C-Suite Cyber Attacks: How to Prevent Being a Victim

cybersecurity for C-Suite executives
July 13, 2023

Cybersecurity is a familiar topic, but one subcategory that doesn’t get a lot of attention is the targeting of C-Suite executives. While all companies are at risk of cyber-attacks, executives face their own unique set of threats. Here are some examples of attacks every leader should be aware of and tips to decrease the likelihood that you will fall victim to these cyber crimes.

Whaling: Catching the Big One

What is it?

Whaling attacks are considered part of the spear phishing category of cyber-attacks. This highly targeted attack is usually sent via email and is designed to encourage a C-suite executive to perform an action such as providing personal or company information or money.

How Does it Work?

Cyber-criminals take time to research the victim and their business through social media, web searches, and even their company website. Unlike regular phishing emails that contain typos or more obvious suspicious content, whaling emails are created to be more sophisticated in tone and language for their executive recipient. Through spoofing, whaling emails appear to come from a trusted source and include personalized information about the company or individual; specific corporate or industry terminology; and may mention real legal, banking, or vendor relationships to create a level of false security.

Often, whaling emails convey a sense of urgency for the recipient to perform an action that may include clicking on a link, transferring money, or divulging business or personal data that could lead to future attacks.

Why Does it Work?

We all like to think that we can quickly identify a phishing scam. The reality is that most executives have demanding schedules and are juggling calls, meetings, requests, and countless emails. It’s easier than you think to click a link or scan an email while distracted by other things, especially when the line between legitimate and suspicious are so blurry.

CEO Fraud

What is it?

CEO Fraud is a highly effective tactic where a cybercriminal assumes the persona of a CEO and uses it to communicate via email or text to the CEO’s own employees.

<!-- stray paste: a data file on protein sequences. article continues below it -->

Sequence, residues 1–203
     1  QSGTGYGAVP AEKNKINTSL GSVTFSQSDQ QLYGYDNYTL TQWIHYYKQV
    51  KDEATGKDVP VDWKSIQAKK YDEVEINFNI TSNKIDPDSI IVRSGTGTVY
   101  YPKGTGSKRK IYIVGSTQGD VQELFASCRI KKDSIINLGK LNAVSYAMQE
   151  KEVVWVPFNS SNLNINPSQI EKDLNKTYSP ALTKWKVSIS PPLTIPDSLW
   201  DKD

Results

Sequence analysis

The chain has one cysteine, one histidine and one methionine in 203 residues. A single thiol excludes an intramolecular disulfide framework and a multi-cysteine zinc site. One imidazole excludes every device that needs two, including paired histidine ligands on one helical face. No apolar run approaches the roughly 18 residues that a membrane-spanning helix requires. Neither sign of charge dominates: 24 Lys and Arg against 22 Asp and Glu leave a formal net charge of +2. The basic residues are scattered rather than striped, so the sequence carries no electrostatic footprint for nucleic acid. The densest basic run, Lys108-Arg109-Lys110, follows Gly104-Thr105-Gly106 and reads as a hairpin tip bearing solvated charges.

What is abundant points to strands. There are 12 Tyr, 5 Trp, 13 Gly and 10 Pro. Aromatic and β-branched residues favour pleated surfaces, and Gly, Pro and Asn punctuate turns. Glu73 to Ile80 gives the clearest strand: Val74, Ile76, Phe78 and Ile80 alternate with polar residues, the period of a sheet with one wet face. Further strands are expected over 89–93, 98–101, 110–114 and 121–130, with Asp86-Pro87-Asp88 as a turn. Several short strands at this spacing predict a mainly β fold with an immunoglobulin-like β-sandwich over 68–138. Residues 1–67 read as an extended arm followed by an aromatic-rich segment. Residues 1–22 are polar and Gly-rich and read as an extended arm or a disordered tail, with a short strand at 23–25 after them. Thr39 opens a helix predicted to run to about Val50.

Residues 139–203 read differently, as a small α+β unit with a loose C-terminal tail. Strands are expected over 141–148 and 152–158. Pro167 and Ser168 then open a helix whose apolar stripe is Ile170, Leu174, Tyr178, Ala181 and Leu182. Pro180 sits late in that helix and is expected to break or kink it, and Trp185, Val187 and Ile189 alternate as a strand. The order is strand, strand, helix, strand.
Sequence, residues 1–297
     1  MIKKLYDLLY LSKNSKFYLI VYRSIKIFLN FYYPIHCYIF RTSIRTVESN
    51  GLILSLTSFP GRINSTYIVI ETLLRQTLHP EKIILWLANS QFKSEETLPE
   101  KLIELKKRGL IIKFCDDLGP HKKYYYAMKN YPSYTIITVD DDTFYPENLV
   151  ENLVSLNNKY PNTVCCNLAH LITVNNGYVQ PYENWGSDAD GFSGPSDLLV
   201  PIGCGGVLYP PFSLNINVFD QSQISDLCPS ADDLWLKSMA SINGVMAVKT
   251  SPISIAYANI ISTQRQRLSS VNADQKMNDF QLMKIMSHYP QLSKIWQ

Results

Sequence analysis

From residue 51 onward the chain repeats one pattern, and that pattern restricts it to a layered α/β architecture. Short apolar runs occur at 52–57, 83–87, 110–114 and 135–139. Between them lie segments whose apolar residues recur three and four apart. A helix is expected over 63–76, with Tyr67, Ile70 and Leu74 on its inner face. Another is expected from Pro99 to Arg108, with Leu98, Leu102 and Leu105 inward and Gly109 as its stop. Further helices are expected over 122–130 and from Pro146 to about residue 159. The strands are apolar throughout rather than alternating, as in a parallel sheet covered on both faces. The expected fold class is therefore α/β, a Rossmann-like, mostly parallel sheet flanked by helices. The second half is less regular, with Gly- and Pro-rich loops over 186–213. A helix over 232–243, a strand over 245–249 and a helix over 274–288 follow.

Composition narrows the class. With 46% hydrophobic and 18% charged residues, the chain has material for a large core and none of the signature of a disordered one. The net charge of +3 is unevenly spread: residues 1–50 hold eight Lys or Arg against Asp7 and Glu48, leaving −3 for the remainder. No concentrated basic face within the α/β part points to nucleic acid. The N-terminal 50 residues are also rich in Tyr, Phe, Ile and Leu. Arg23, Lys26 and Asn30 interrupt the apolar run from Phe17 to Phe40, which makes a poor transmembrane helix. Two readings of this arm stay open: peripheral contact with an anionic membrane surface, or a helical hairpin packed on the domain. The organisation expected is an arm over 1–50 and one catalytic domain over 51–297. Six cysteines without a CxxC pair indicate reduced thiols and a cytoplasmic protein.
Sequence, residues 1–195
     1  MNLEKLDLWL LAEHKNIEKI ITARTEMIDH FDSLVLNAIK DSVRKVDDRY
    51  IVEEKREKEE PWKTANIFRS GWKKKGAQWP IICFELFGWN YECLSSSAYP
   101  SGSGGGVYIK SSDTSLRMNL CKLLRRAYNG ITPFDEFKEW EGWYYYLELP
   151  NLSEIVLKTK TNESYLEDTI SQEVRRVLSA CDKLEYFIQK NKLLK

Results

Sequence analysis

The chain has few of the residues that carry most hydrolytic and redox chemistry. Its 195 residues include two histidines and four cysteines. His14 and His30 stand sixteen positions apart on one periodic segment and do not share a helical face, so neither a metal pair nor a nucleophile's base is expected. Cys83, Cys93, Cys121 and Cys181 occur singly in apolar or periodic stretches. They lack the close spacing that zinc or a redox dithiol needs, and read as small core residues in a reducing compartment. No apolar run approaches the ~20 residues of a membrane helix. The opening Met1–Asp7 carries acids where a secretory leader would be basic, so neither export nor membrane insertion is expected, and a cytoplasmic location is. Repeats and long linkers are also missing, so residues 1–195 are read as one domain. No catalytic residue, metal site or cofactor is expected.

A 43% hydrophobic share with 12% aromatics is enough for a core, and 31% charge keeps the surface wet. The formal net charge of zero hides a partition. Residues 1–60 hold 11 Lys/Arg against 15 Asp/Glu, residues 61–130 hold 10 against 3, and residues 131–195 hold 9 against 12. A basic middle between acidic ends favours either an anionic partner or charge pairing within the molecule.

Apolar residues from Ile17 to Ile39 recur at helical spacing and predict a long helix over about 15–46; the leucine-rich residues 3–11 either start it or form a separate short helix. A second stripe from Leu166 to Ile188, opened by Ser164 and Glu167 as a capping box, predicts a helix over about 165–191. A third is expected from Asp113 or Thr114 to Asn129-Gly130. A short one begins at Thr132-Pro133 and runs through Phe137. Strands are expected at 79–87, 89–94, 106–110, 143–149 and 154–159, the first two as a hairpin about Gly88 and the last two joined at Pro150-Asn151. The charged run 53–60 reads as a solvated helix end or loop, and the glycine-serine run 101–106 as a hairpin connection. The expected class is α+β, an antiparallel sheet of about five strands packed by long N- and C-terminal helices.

How Does it Work?

The goal of CEO Fraud is to leverage an executive leader’s identity to deceive a lower-level employee into providing personal or business data or money. Like whaling, spoofing software is used to send an email or text message that appears to be sent from the CEO to trick employees into a secondary action like access to confidential data, transferring money, or clicking a link to malware, etc.

In addition to researching both the executive and the employee (s), attackers may even utilize more brazen social engineering tactics. These methods could include the criminal engaging either in person or on the phone with your business, pretending to be a vendor, potential new hire, or customer. Cyber criminals will do anything to gain more information that can be used against you.

Why Does it Work

Criminals are counting on human nature to take over. The reason CEO Fraud works so well is because employees who receive a request from their CEO aren’t likely to question it. Even when red flags are present, many employees ignore them for fear of being reprimanded or not following instructions.

Prevention of C-Suite Targeting

The best defense against cybercrime is taking action before an attack is launched. Proactive preparedness and ongoing vigilance are critical. Cybersecurity is not a once-and-done exercise. Working with a Managed Service Provider (MSP) can help you bridge any existing gaps between current security and desired security. Below are some prevention tips that can save you from costly consequences and ones that can easily be implemented by a qualified MSP.

  • Train your employees on phishing campaigns multiple times throughout the year.
  • Create and follow processes and procedures that require authorization of financial transactions, editing of payment details, etc.
  • Implement multi-factor authentication
  • Conduct regular security assessments to identify areas of vulnerability
  • Run periodic penetration testing to validate systems and controls
  • Create a culture that encourages employees to report requests that seem unusual

Next Steps

As a C-suite executive, you not only face your own cyber targeting but the challenge of protecting your company and employees. In today’s business environment, nothing provides 100% protection against cybercrime, but there are steps you can and should take to significantly lower and manage your risks.

SN’s cyber experts conduct security assessments, as well as vulnerability/pen testing for companies nationally, prioritizing the protection of your data. Increase your confidence and peace of mind with a complimentary consultation with an SN cyber security expert. Reach out to us today to get started.

Phil Keeney - Stambaugh Ness